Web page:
Practicing yoga can be an effective stress reliever and a way to ease symptoms associated with anxiety. Yoga can divert your focus and attention to the body and breathe thus alleviating anxiety while also freeing you from physical tension. Anxiety is one of the most common mental illnesses that affect millions of people across the globe.
Maintaining a regular practice session can be an ultimate way to alleviate stress, calm the mind and stay in shape. When you talk particularly about stress relief, not all poses can have equal effects. Only a few poses help you beat the anxiety and stay calm while infusing in you a sense of restfulness.
These yoga poses help us to slow down and tune into the breath – allowing us to decompress so that we can prepare our body to take up daily pressure once again. The actual poses help us in different ways and act on certain parts of the body. Before you begin, you must remember that yoga is a practice, not a competition. Start with basic or where you are and proceed with extreme caution. Avoid injury, listen to your body and don’t push yourself to feel good with the practice.
Here are 10 poses to help you beat stress and anxiety with yoga:
Sukhasana or Easy pose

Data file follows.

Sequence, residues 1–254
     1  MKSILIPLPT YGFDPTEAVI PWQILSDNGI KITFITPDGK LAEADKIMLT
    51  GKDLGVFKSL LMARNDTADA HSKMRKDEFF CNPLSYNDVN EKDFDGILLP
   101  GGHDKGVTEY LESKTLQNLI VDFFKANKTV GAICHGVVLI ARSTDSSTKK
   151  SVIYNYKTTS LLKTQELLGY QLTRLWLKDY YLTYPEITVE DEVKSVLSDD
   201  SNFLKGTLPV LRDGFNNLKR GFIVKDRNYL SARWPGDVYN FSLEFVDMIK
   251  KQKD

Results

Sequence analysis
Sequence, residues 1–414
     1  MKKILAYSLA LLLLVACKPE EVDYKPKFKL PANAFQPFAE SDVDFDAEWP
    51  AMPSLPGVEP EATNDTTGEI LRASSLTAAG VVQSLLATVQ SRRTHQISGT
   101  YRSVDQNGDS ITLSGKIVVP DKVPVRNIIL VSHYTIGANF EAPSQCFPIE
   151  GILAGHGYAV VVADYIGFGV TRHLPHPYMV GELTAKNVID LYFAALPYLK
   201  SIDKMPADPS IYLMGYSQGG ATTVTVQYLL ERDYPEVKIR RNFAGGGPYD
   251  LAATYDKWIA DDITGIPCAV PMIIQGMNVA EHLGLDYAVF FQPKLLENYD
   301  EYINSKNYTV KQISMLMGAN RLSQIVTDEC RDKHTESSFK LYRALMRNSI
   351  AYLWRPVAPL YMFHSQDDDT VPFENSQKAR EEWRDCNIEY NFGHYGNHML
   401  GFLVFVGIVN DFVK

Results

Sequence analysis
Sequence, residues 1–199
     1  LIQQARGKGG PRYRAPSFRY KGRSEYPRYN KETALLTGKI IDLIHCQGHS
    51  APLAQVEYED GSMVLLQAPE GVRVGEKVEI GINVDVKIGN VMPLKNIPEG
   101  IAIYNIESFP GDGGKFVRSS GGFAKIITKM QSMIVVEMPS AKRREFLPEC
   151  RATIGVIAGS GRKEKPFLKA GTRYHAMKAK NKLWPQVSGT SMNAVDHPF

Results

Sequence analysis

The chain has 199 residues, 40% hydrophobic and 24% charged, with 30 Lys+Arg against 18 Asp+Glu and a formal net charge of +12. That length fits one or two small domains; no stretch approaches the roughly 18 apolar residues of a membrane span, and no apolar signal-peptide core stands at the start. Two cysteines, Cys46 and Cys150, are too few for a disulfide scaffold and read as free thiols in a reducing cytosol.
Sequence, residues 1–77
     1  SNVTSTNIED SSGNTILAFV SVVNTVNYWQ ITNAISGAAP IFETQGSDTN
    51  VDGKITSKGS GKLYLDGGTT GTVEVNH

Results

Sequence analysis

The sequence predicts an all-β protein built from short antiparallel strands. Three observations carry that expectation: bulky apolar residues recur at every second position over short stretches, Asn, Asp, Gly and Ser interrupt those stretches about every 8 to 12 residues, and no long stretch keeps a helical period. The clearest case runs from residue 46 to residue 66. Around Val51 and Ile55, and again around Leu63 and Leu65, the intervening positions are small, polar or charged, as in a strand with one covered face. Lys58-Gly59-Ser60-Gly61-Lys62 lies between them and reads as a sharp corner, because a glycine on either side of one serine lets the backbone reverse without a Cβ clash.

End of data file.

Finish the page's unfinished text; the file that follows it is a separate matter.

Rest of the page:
This pose has some ultimate benefits aside from promoting in you groundedness and keeping you calm. It lengthens your spine, opens your hip, and augments the state of tranquillity, serenity while eliminating anxiety. Focus on your breath while practicing this pose and sit tranquil with a straight spine for minimum 60 seconds to relieve physical and mental tiredness and exhaustion.
Anjali Mudra or Salutation seal
You reach a meditative state of awareness by practicing this mudra. Typically, it is performed with our hands in the centre of heart chakra depicting a balance between left and right side united at the centre. This balance is not only physical, but also mental as well as emotional with the idea to bring us to the centre and prepare our body for contemplation and meditation. You can begin this practice by sitting in a comfortable cross-legged position while keeping the eyes closed.
Bitilasana or Cow pose
This pose provides an easy and gentle way to warm up your spine. You can couple this with Cat Pose on the exhale for a gentle flowing vinyasa. This pose massages and stimulates organs in the belly area – adrenal glands, kidneys, and creates a great degree of emotional balance in addition to calming the mind and relieving the stress. In order to achieve proper alignment, you should place knees under the hips and wrists directly under the shoulders.
Marjariasana or Cat pose
This pose is definitely a powerful stress buster and also provides a gentle massage to the belly organs and spine. Practitioners also couple it with cow pose on the inhale for gentle flowing vinyasa. Practicing this pose also benefits your overall health by stimulating the spinal fluid and your digestive tract.
Paschimottanasana or Seated forward bend